Return on Equity (ROE) shows how efficiently a given company uses shareholders money to generate revenues, profits, and grow the firm. Investors want to see significant returns on their invested capital because this would indicate that the company is using their money effectively. In general the higher the ROE to more satisfied investors are with the current management, so the higher ratios are almost always better than lower ratios. However, since every industry has different criteria for income and profit expectations, ROE cannot be used to compare companies outside of their sectors and industry classifications. Also, company growth that can be derived from a higher ROE does not always get passed onto the investors. If the company decides to retain these profits, the shareholders will only realize this gain by having an appreciated stock and will rely on market timing strategies to realize their investments.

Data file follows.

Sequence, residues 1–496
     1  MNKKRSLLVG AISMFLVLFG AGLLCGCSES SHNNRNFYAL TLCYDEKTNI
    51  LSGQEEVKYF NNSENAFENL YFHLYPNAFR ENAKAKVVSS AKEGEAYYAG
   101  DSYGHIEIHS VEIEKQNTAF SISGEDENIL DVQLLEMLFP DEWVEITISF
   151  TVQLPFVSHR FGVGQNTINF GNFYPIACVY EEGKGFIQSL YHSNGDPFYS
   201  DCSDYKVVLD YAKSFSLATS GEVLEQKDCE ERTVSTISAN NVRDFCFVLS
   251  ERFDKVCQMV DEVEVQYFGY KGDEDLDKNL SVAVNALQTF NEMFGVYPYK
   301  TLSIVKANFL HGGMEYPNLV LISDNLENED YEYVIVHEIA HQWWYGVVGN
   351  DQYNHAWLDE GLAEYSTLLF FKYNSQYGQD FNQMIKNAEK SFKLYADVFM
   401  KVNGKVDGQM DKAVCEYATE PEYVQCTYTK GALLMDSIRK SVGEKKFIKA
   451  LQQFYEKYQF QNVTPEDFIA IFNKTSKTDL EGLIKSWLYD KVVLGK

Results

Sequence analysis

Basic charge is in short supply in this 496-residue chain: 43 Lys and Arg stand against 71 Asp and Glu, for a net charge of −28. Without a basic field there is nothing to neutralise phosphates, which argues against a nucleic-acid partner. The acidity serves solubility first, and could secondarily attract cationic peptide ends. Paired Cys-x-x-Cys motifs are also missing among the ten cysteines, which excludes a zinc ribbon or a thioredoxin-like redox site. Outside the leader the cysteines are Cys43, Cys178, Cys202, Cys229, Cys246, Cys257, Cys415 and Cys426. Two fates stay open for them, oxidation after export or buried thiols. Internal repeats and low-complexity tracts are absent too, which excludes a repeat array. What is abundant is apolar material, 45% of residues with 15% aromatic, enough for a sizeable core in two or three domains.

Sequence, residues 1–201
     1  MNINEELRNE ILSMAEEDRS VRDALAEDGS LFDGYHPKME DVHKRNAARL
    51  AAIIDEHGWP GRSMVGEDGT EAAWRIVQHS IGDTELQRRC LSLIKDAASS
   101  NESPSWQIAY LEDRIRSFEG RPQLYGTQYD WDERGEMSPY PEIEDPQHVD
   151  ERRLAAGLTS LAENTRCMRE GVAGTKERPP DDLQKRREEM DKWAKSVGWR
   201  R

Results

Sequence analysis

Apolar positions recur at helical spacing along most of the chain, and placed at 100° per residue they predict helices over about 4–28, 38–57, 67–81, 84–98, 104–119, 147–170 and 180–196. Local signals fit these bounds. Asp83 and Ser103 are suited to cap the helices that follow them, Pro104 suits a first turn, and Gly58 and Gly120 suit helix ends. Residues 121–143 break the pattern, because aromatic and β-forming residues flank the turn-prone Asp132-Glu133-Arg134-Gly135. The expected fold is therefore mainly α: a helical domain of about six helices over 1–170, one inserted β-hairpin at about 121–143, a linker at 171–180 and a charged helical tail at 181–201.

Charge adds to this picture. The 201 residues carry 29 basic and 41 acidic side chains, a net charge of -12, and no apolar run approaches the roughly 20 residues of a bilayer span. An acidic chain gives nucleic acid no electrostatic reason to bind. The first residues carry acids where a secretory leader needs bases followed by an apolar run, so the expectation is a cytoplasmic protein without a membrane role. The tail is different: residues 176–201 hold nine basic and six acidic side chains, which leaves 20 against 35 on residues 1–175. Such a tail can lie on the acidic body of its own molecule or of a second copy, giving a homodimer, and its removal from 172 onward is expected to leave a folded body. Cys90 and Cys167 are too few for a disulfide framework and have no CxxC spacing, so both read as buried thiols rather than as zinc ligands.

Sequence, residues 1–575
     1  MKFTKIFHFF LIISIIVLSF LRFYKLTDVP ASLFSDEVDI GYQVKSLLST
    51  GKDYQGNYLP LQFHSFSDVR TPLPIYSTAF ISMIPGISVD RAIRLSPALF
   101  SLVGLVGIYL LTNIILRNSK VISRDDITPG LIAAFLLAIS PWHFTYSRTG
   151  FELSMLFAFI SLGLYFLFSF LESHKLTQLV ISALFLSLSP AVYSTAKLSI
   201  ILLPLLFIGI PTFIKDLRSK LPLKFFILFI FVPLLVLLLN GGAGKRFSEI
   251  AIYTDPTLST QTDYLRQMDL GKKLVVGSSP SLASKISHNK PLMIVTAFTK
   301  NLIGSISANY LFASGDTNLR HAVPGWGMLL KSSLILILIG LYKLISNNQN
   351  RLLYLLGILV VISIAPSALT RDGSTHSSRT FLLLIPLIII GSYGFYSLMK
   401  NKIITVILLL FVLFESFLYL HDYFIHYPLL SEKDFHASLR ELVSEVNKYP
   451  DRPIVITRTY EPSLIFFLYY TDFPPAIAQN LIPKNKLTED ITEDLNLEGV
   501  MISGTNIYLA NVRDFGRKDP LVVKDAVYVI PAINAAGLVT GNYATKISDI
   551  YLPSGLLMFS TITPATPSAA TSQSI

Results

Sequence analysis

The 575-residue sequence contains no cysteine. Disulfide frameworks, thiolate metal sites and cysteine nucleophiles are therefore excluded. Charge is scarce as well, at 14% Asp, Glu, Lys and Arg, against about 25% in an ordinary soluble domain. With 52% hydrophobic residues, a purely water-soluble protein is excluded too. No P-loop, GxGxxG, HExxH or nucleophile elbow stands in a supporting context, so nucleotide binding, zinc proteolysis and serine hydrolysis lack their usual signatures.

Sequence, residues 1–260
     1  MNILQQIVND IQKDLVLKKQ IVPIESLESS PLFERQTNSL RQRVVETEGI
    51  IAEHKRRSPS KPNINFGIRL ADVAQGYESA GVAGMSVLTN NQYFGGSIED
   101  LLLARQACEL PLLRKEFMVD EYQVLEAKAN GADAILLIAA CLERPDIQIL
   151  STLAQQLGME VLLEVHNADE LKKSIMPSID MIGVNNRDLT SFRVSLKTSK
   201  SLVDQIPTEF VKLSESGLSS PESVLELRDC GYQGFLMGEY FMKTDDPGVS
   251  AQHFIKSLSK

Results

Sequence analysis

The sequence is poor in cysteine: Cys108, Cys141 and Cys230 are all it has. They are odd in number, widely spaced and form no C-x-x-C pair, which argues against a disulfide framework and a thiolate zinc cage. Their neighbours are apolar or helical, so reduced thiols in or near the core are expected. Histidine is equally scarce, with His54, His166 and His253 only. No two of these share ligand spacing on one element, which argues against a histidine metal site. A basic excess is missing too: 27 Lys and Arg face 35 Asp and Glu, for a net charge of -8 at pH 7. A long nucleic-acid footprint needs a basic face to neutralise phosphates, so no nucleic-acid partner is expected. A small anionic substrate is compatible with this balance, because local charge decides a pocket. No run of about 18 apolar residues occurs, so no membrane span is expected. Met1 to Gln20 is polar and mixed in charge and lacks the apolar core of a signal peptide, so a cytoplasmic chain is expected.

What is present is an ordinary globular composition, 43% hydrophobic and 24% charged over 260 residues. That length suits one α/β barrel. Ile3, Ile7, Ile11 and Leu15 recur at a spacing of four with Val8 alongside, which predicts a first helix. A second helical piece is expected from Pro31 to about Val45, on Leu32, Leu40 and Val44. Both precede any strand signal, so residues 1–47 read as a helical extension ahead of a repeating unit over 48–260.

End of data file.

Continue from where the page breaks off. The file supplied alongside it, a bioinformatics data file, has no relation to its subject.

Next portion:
Return on equity is calculated by taking all earnings and dividing them by the average shareholder equity for that accounting period. The income or loss numbers usually come from the company's most recent filing with the SEC or simply from the latest Income Statement. The shareholder-equity numbers can be found on the balance sheet and that represents the assets that the business has generated.
Note that many investors like to also calculate both the beginning and ending ROEs, which allows them to determine the change in profitability over the period. This is an important indicator of company future profitability. To calculate the change in return on equity for a specified period investors use the shareholders equity numbers from the beginning of that period as a denominator to determine the beginning Return on Equity. Then, the end-of-period shareholders equity can be used as the denominator to determine the ending ROE. This also can demonstrate that companies with a negative ROE may not always be a bad investment as their future my look much brighter overall.